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Thursday, December 8, 2005

Bowling Alleys Vanishing from St. Louis

Today's Post-Dispatch carries a headline: Bowling alley is razed for shopping center [DEAD LINK]

This time, the bowling alley is the Montclaire in Edwardsville, Illinois. I have never been there, and can't say anything about its architecture or history. I can say that many bowling alleys of all ages are closing or being torn down in the St. Louis area, and only a few new "boutique" style alleys are opening. The new alleys usually don't have more than 8 or 12 lanes and are often more geared toward alcohol sales than bowling.

Proprietors of bowling alleys that have closed recently have blamed the closures on the decline of league bowling, which guaranteed steady revenue for older alleys with high maintenance costs. I wonder if our atomized society will ever support good, affordable bowling alleys again. St. Louis once had enough bowling alleys to rival the most blue-collar of the other Rust Belt cities. Now, there are only a handful left, with only three lanes left in the city (two of which are small, new and not affordable to working-class people).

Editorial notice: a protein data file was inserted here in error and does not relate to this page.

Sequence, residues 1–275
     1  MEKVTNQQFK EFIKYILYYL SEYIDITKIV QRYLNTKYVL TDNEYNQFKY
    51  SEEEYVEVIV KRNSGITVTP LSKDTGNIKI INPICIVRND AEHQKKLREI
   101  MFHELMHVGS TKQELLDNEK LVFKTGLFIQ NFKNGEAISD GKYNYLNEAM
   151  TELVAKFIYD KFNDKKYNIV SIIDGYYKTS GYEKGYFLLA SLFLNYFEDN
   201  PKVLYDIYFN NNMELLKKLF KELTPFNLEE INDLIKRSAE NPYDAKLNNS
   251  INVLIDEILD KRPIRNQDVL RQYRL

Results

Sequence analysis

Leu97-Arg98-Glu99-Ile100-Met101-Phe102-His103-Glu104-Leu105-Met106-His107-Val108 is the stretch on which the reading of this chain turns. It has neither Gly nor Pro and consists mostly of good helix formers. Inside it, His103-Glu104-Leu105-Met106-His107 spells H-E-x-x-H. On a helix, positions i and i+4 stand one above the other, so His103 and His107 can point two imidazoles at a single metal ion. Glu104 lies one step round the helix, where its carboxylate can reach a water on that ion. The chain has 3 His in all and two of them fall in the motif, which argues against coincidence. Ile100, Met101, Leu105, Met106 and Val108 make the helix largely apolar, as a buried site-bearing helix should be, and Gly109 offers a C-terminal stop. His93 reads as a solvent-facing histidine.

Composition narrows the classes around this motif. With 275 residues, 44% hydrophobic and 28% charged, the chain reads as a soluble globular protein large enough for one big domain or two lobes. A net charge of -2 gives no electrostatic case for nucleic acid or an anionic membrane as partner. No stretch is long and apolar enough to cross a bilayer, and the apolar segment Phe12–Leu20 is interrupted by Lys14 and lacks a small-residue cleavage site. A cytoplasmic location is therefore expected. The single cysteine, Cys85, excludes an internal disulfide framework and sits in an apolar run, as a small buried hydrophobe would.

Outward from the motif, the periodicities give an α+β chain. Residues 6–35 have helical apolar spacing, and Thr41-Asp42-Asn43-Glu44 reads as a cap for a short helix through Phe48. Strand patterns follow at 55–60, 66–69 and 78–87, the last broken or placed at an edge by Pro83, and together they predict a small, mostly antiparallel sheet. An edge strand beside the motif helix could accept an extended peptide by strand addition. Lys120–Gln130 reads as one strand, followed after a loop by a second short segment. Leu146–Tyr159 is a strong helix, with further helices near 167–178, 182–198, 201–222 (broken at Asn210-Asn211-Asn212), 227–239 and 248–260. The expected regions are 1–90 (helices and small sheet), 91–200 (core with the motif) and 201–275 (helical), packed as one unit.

2 comments:

Joe said...

"often more geared toward alcohol sales than bowling."

Isn't that the case with MOST bowling alleys, though?

The difference with Moolah, Pin-Up, etc is that they sell fancy beers and mixed drinks. Other bowling alleys sell Busch and PBR. ;-)

I've never been inside the Montclaire, but I believe it closed a couple years back. It's on a stretch of IL 159 that has had a huge amount of big-box development in recent years. In fact, I think Joe Edwards bought some of the fixtures from it for the Pin-Up Bowl.

I do miss the Western Bowl on Gustine and Bingham. The kitschy interior decor always appealed to me as a kid in the early 1990s. The Tropicana I just don't like as much.

Oh, and I think there are a total of four bowling alleys still operating in the City limits: the new Pin-Up and Moolah, plus the Catholic parish-run places: Magdalen Lanes off Kingshighway and Epiphany Lanes off Ivanhoe.

Will said...

I recently picked up an interesting book, Bowling Alone, which studies the disappearance of common community activities, such as league bowling, in relation to an overall decline in community-minded and civic activity since its peak, during the WWII generation. Suffice to say, this is not a phenomenon limited to St. Louis.

Case in point, while I was living in Oakland, the Japantown Bowl in San Francisco was shuttered. Far from a niche establishment, this was a home for hundreds of league bowlers, paricularly gay and lesbian leagues, which were pretty popular.

I bowl weekly down at the Saratoga in Maplewood, and it's sad for me to see these other places go.